Be Ready With Answers About Aspirin for CV Disease Prevention

Patients will continue to turn to you with questions about daily low-dose aspirin for cardiovascular protection.

They're seeing headlines that fewer patients should take aspirin...based on new expert guidance.

Be ready with answers.

Should I take daily aspirin for heart protection? It depends...ask patients about their CV history.

Continue to recommend aspirin 81 mg/day for SECONDARY prevention...such as for patients who've had a heart attack or stroke, angina, or peripheral artery disease. Tell these patients that aspirin can be lifesaving...and CV benefits clearly outweigh bleeding risks.

But don't routinely recommend aspirin for PRIMARY prevention...even for patients with diabetes or multiple CV risks.

Explain evidence is stacking up to solidify this change in thinking.

For example, in primary prevention patients with diabetes, aspirin's CV benefits are nearly a "wash" compared to bleeding risk.

And risk exceeds benefit in patients over 70, since bleeding risk goes up with age...and those with prior GI bleed, anticoagulant use, etc.

Clarify that even low-dose aspirin, 81 mg/day, can lead to bleeding.

Also dispel the myth that enteric-coated or buffered aspirin causes less GI bleeding...this risk is mainly due to aspirin's systemic effects.

Steer patients to other CV prevention changes, smoking cessation, and managing BP, lipids, and diabetes.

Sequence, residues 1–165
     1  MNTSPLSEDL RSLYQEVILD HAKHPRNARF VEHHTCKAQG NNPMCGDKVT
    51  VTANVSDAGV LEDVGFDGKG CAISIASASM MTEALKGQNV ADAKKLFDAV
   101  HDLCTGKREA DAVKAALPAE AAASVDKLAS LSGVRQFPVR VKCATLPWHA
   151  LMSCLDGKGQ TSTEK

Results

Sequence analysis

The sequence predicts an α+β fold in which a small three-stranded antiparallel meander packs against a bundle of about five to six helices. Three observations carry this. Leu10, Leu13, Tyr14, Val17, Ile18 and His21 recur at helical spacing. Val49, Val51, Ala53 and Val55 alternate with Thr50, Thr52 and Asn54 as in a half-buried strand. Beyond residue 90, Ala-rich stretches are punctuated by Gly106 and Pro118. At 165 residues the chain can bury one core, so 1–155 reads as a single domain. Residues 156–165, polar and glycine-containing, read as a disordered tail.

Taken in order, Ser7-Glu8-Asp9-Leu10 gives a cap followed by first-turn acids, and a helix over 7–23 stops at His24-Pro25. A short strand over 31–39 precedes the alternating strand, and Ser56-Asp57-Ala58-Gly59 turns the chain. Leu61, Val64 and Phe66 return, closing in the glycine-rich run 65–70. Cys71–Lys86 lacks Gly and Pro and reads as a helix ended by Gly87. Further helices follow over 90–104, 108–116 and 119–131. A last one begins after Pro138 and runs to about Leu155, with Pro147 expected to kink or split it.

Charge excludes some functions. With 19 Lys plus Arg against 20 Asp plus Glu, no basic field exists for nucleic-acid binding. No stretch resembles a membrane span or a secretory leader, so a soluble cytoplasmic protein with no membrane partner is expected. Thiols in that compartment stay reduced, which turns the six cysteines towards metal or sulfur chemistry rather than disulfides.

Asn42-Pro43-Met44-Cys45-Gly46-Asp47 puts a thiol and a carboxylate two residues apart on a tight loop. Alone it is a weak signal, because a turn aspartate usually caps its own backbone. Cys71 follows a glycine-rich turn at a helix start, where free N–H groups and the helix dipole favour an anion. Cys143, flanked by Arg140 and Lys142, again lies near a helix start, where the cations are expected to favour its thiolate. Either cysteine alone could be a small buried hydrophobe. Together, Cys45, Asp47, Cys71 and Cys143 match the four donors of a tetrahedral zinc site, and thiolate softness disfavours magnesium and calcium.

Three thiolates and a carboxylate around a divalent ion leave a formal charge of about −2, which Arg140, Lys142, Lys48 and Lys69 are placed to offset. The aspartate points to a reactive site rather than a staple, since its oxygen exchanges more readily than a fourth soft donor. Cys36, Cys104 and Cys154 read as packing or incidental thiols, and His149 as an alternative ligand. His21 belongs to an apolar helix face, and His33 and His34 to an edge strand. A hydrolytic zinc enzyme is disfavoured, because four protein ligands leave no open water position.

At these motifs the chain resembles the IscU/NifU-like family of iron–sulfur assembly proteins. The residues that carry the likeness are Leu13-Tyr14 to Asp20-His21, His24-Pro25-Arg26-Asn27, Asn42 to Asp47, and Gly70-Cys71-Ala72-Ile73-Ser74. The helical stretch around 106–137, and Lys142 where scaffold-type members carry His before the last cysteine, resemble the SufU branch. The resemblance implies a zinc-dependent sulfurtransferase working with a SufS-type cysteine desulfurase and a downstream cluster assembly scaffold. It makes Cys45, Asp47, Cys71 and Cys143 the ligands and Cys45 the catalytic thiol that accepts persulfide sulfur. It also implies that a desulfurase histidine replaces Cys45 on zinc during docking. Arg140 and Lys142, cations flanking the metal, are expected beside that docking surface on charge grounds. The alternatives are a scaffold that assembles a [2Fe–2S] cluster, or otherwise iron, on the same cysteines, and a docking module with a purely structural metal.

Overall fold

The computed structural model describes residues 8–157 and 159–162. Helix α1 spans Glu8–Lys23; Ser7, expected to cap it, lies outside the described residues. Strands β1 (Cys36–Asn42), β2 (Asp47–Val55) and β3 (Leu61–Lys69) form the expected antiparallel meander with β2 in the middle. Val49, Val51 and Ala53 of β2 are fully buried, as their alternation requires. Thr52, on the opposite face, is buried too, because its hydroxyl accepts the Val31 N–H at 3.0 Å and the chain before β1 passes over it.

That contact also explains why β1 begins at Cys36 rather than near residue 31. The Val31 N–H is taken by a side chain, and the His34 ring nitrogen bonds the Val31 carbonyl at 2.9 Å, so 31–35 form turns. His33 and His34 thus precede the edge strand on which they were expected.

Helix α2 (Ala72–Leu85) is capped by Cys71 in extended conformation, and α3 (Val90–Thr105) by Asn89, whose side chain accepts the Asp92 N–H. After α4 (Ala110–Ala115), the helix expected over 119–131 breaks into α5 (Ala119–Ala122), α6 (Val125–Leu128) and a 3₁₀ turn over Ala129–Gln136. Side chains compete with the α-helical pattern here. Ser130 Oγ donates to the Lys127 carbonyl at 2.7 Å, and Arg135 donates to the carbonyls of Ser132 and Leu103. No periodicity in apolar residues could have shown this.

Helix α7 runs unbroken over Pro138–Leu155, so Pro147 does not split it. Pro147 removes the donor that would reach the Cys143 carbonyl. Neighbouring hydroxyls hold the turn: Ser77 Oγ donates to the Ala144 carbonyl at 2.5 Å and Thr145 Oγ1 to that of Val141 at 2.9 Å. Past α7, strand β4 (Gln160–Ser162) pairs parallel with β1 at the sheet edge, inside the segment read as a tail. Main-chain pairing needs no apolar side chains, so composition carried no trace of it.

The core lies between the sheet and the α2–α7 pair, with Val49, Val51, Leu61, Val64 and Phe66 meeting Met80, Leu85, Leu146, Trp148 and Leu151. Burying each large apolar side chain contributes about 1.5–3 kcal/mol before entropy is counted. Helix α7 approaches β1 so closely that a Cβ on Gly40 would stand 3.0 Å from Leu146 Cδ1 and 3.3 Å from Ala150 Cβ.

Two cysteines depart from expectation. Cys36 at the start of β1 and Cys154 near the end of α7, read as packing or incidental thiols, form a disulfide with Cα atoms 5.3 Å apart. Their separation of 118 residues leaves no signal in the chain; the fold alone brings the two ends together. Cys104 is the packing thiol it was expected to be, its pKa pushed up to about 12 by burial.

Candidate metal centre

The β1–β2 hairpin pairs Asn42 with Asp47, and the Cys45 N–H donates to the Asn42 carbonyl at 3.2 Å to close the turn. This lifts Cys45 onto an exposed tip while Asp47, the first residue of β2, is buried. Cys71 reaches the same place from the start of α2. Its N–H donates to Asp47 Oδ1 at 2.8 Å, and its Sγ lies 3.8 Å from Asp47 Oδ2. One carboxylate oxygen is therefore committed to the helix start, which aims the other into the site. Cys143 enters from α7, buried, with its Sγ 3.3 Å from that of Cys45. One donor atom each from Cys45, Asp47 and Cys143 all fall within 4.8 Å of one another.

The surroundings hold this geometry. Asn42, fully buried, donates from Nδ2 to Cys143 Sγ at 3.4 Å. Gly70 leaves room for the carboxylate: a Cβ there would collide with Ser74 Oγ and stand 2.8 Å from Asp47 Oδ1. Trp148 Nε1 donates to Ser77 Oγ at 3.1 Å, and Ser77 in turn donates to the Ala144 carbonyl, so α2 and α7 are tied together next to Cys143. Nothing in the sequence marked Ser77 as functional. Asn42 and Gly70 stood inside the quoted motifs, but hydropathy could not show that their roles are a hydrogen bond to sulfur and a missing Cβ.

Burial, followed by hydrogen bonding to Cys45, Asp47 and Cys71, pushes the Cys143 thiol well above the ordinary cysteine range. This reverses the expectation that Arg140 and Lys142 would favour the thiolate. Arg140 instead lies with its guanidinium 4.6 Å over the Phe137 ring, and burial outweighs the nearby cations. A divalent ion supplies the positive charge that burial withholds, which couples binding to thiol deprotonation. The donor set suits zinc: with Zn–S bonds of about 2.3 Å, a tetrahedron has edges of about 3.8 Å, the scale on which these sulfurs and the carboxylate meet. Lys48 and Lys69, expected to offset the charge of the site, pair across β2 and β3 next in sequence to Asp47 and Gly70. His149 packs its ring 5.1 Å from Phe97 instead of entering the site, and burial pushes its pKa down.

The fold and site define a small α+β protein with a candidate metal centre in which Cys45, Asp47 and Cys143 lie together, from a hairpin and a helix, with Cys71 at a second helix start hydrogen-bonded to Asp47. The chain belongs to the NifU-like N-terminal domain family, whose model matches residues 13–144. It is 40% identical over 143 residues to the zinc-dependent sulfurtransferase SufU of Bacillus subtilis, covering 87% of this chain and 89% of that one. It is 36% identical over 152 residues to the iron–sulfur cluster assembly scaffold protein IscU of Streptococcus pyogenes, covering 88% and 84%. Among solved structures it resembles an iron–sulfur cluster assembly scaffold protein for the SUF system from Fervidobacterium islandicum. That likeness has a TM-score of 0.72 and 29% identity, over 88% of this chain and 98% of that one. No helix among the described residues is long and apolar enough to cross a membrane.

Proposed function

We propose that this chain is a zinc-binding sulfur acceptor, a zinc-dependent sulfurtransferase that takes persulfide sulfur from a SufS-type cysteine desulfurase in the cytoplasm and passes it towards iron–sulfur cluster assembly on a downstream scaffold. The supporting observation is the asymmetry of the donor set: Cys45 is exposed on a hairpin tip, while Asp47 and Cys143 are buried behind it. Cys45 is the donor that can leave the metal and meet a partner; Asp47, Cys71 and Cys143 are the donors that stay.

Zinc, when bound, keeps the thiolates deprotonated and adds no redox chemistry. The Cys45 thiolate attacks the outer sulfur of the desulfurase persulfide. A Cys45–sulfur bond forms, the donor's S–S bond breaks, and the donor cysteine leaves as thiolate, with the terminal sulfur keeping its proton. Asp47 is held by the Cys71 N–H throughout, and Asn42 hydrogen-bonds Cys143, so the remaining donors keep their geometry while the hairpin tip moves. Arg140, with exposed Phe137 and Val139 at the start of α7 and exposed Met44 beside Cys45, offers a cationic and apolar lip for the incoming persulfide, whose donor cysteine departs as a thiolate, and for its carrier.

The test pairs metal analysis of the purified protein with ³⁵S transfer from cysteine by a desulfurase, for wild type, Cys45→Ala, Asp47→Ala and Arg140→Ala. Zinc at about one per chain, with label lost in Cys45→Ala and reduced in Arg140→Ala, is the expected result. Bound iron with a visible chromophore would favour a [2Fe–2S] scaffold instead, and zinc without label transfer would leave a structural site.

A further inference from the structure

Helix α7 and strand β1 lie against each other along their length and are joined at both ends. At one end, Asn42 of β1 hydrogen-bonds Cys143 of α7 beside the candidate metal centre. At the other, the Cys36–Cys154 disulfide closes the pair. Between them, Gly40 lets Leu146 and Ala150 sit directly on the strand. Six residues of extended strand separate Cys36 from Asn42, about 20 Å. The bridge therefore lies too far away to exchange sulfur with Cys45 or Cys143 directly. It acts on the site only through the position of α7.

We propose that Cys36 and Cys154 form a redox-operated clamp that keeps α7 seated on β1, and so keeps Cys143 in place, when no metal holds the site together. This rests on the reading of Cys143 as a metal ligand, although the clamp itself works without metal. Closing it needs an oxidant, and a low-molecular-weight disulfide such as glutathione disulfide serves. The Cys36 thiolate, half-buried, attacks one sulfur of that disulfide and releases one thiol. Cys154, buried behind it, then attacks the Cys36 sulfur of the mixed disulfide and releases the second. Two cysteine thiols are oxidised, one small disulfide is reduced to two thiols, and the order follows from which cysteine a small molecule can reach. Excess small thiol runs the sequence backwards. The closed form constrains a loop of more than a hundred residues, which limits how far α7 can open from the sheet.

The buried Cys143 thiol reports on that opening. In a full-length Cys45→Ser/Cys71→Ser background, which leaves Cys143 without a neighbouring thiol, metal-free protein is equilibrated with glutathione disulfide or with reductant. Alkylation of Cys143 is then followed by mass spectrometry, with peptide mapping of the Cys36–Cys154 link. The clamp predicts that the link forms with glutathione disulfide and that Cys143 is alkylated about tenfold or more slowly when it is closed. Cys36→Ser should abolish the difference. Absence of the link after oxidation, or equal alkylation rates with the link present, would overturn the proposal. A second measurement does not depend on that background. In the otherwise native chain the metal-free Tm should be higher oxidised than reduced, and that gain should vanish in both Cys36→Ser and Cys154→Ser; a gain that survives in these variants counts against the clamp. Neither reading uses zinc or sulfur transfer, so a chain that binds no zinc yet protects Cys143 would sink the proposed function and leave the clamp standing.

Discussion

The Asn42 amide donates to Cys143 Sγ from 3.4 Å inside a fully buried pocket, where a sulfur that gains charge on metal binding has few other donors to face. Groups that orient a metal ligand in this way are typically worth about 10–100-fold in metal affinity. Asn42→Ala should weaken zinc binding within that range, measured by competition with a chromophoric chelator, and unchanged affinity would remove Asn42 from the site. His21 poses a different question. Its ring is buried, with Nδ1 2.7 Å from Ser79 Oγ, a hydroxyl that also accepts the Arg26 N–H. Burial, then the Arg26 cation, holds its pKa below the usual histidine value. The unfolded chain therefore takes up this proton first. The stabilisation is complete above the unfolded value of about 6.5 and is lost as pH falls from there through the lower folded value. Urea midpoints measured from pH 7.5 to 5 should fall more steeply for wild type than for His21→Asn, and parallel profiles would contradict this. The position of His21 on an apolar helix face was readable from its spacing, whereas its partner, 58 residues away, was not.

Can I stop aspirin if I don't have a CV history? Yes, for most primary prevention patients. Help evaluate risks and weigh preferences.

If aspirin was prescribed for primary prevention, advise patients to discuss with their prescriber...and periodically revisit pros and cons.

Collaborate with prescribers using our letter, Aspirin for Primary Prevention of CV share the evidence and your recommendations.

If primary prevention patients started aspirin on their own, provide our handout, Aspirin and Your Heart, to guide a dialogue about stopping.

Explain aspirin doesn't need to be tapered...its antiplatelet effect essentially self-tapers as new platelets are made. And bleeding risk in primary prevention likely outweighs any possible risk of "rebound" events.

Find more answers in our chart, The Truth About Aspirin.

Key References

  • Circulation Published online Mar 17, 2019; doi:10.1161/CIR.0000000000000678
  • JAMA 2019;321(3):277-87
  • N Engl J Med 2018;379(16):1529-39
  • Lancet 2018;392(10152):1036-46
Pharmacist's Letter Canada. May 2019, No. 350501

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